Long queues of cars have been winding along Russia's borders with Mongolia, Kazakhstan, Finland and Georgia since Wednesday. Many fear that the Russian authorities may ban them from leaving the country. The Kremlin, in turn, dismissed reports of a mass exodus as exaggerated.
Former Mongolian President Tsakhiagiin Elbegdorj, now chairman of the World Mongolian Federation, promised a warm welcome to those Russians fleeing military service and appealed directly to Russian President Vladimir Putin to end the war. The Mongolian peoples in Russia "have been used purely and simply as cannon fodder," Elbegdorj said in a video message, wearing a yellow and blue ribbon, the colors of the Ukrainian flag.
"Today you are fleeing brutality, cruelty and possibly death. Tomorrow you will start fleeing your country because of the dictatorship," he addressed the Buryats, Tuvans and Kalmyks - Mongolian ethnic groups in Russia.
The partial military mobilization and the hastily organized so-called referendums on joining the Russian Federation in the occupied Ukrainian territories came against the backdrop of a rapidly advancing Ukrainian counter-offensive, which recaptured areas in the northeastern Kharkiv region.
The anti-war group Vesna called on social media for new protests after more than 1,300 demonstrators were detained in 38 Russian cities on Wednesday, according to independent monitoring group OVD-Info.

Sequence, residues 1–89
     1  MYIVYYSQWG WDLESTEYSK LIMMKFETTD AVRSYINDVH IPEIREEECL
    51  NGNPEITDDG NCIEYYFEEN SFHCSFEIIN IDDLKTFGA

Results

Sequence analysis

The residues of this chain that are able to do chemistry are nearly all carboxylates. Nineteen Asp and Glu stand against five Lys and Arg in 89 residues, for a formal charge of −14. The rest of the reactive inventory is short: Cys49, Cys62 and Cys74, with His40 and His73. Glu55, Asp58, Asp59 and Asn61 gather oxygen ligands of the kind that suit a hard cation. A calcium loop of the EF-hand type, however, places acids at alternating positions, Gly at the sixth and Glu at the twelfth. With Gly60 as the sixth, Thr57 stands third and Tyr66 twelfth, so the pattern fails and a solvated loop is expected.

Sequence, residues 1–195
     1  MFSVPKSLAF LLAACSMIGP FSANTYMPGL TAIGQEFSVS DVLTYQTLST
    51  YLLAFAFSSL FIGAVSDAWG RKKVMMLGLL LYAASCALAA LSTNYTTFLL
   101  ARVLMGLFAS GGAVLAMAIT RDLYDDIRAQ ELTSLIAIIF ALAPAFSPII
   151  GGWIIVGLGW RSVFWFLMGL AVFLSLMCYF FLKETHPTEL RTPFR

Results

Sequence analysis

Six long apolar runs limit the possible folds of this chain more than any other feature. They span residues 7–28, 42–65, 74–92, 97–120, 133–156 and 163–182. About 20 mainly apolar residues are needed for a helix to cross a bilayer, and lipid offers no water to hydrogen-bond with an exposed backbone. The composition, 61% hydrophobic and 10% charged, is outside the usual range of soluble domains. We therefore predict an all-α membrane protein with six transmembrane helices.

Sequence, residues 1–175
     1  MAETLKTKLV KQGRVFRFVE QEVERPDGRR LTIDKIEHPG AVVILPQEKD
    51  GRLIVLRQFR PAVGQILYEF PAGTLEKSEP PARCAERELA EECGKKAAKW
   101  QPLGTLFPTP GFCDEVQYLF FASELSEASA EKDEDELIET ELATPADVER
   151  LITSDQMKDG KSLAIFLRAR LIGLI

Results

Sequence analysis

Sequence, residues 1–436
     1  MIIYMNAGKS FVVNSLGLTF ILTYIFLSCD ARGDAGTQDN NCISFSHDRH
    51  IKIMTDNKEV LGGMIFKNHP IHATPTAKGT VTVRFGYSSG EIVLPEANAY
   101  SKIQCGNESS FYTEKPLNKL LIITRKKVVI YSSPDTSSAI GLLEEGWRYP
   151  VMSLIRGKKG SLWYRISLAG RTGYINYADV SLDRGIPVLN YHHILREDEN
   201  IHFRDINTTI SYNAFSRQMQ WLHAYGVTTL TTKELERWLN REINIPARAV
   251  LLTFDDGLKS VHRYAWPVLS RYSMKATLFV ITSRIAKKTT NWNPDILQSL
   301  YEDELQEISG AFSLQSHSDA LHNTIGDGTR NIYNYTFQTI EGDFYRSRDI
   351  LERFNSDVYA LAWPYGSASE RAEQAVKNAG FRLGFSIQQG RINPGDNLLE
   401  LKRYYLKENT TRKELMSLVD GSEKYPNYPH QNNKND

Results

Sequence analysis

Hundreds arrested in successive protests against the mobilization in Russia
Hundreds detained after successive protests against the partial mobilization in Russia. More than 700 people were arrested in 32 settlements.
There are reports that arrested men are given call cards at police stations. Yesterday, President Putin signed decrees increasing the penalties for absenteeism and desertion. The general who until now led the logistics part of the military operation in Ukraine was also dismissed.
And in his midnight address, President Zelensky called on the mobilized Russians to surrender in order to stay alive.
Again Russian rockets on Zaporizhzhia, there is a dead woman and more wounded
Russian invaders have hit Zaporizhzhia again, rockets exploded in several areas of the regional center and villages around. A woman died, 9 people were injured.
Earlier, the head of the Zaporizhzhia regional military administration, Alexander Starukh, reported three injured, destroyed infrastructure facilities, and a substation was left without power in some of the areas.
A fire broke out in a residential building.
At the beginning of September, the Ministry of Internal Affairs of Ukraine reported that over 7,000 civilians were killed and 5,500 were injured in enemy shelling.